Consumers battered by a multitude of economic woes came roaring back in November, pushing retail sales up by the largest amount in four months.
The nation's retailers saw sales rise by 1 percent last month, following three straight months of lackluster performance. Sales were flat in August and had fallen in September and October.
The November gain, which was the best showing since a 1.4 percent increase in July, was coming at a critical time at the start of the holiday shopping season.
In other news, the amount of inventories held on shelves and backlots rose by 0.4 percent in October, after a 0.3 percent increase in September.
The increase in inventories was slightly below the 0.5 percent that economists had been expecting but followed the pattern of moderate increases as businesses have succeeded in keeping inventories under control even as the overall economy has slowed this year.
The November retail sales performance was 10 times better than the tiny 0.1 percent rise that economists had been forecasting. Still, it was unclear whether the boom seen in November would carry over through the entire Christmas shopping season.
Some economists cautioned that the November jump could turn out to be a one-month blip rather than the start of a trend of stronger sales.
"We think it is very likely that sales will either be revised down or there will be a hefty drop in December," said Ian Shepherdson, chief U.S. economist at High Frequency Economics.
But other analysts said the rebound, while much stronger than expected, fit with their view that consumer spending this holiday season will post solid, if not spectacular, gains.
Many retail stores reported that customer traffic has not been as strong after a surge right after Thanksgiving when consumers were lured into stores to take advantage of attractive incentive deals.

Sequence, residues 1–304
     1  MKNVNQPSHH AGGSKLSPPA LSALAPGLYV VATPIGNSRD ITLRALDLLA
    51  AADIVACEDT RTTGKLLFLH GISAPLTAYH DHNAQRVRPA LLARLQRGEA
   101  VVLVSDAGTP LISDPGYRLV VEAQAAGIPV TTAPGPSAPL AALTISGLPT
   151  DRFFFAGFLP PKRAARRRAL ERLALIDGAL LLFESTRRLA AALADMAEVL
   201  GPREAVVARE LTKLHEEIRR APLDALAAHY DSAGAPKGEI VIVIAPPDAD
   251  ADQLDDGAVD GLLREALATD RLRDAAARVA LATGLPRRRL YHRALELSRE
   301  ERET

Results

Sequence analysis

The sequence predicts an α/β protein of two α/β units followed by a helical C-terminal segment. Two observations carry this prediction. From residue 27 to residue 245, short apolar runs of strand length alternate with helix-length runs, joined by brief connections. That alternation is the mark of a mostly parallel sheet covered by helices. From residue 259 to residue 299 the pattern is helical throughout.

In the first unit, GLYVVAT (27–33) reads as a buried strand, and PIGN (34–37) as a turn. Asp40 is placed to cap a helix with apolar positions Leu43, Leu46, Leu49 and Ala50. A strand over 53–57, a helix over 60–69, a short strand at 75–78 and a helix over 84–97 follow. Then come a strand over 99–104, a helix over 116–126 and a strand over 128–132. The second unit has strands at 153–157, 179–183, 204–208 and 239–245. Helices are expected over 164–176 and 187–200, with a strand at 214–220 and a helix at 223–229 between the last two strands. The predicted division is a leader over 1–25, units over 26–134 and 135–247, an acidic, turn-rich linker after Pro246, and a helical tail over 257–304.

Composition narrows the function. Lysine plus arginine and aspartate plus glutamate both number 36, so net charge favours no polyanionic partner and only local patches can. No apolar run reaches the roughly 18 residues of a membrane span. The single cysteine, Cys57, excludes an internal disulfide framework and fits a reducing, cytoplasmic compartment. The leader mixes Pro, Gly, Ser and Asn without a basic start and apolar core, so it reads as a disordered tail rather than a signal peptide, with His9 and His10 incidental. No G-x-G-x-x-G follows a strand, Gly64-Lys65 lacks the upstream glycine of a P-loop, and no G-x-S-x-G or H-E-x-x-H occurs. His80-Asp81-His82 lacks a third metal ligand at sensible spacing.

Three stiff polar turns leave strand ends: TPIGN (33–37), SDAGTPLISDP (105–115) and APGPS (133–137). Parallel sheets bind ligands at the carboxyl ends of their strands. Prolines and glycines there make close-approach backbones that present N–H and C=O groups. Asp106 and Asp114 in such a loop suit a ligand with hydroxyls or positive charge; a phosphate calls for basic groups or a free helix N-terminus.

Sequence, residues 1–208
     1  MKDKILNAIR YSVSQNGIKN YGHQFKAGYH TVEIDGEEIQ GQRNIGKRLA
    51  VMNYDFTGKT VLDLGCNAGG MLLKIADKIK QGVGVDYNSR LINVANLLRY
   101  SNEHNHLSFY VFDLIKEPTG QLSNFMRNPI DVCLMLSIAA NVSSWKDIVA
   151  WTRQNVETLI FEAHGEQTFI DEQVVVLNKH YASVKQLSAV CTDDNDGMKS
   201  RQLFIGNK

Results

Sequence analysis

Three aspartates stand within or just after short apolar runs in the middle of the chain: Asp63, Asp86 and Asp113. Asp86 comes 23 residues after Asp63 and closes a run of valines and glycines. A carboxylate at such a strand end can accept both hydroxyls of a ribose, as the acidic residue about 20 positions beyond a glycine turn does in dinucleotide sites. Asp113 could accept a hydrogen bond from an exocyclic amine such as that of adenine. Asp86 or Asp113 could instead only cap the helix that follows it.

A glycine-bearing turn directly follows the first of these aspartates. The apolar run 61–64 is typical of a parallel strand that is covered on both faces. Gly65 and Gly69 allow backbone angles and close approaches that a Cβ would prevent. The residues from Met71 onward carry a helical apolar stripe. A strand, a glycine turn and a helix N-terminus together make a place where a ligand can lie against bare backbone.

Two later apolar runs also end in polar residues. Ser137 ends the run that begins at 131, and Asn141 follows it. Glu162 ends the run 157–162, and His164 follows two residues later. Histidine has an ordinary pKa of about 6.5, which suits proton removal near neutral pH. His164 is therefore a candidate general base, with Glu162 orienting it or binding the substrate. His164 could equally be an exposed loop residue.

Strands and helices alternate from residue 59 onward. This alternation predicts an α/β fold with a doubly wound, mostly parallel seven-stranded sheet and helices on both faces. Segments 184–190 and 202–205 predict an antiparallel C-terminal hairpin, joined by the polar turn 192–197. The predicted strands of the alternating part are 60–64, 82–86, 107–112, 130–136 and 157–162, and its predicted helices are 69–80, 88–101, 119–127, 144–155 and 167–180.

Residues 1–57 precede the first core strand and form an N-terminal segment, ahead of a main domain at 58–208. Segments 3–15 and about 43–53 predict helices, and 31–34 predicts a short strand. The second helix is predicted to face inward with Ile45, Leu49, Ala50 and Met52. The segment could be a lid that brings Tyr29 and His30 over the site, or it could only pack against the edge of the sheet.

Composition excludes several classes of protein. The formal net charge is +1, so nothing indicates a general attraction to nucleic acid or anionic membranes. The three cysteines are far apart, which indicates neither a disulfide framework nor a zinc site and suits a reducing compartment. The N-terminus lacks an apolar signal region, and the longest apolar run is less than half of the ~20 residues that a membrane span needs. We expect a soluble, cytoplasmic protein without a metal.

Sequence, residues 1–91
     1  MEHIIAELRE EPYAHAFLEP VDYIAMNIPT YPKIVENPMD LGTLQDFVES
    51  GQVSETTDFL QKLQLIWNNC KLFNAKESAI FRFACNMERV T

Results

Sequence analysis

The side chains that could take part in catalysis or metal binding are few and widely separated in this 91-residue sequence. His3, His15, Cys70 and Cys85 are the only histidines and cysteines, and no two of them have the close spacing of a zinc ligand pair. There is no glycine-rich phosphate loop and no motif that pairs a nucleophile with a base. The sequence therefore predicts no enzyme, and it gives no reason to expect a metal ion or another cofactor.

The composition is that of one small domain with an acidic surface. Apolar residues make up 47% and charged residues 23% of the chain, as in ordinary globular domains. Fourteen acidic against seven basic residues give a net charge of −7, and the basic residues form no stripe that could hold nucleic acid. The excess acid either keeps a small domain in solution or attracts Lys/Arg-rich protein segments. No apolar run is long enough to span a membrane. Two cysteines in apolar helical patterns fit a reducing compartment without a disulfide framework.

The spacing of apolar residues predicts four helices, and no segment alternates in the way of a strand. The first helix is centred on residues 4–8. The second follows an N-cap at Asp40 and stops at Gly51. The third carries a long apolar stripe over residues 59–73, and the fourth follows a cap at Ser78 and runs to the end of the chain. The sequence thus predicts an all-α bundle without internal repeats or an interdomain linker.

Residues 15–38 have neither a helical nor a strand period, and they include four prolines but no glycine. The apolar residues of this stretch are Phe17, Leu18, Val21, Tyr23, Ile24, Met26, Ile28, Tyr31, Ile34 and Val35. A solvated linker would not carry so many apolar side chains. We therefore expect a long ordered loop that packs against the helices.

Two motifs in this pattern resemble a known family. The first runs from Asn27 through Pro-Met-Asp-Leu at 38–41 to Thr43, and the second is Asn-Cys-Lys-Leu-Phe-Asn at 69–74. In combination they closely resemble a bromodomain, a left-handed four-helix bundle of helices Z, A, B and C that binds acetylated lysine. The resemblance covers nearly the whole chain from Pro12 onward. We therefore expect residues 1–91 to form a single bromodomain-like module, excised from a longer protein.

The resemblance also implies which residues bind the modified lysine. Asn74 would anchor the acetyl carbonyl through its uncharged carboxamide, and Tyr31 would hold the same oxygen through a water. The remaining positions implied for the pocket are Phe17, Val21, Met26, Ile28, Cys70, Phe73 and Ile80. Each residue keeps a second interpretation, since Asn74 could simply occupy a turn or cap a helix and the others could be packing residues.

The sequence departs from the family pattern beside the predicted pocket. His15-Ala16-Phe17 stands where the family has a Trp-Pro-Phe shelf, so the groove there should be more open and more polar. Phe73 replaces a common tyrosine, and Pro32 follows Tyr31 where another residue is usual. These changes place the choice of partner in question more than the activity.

Consumer spending slowed dramatically in the spring and summer as Americans were hit with surging gasoline prices, which left them with little to spend on other items. They also had to deal early in the year with rising interest rates, which made their credit-card purchases more expensive, and with a cooling housing market, which made them feel less wealthy as the values of their homes slipped.
"My confidence in the economy is a little lower than it was last year at this point," Mike Gorham, who works in real estate, told CBS News correspondent Anthony Mason. "That's gonna influence my spending."
However, economists believe consumer spending is now stabilizing, reflecting in part the retreat in gasoline prices from the record highs above $3 per gallon set in the summer. Consumer spending is closely watched because it accounts for two-thirds of total economic activity.
The 1 percent November increase reflected widespread strength in a number of areas, led by a 4.6 percent surge at electronics and appliance stores as customers snapped up the latest flat-screen televisions for holiday gift giving.
Sales at auto stores posted a solid 0.9 percent increase, which followed a 1 percent rise in October.
Department stores and other general merchandise stores posted a 0.4 percent rise in November, a rebound after a 0.3 percent fall in October.
However, sales at specialty clothing stores were unchanged in November and sales at furniture stores edged down 0.1 percent after an even bigger 0.7 percent fall in October, weakness that reflected the big slowdown in home sales this year.
Sales at gasoline stations were up 2.3 percent in November following a 5.3 percent decline in October, a drop that reflected falling pump prices rather than a lower volume of sales.
Excluding autos, sales were still up a solid 0.9 percent in November.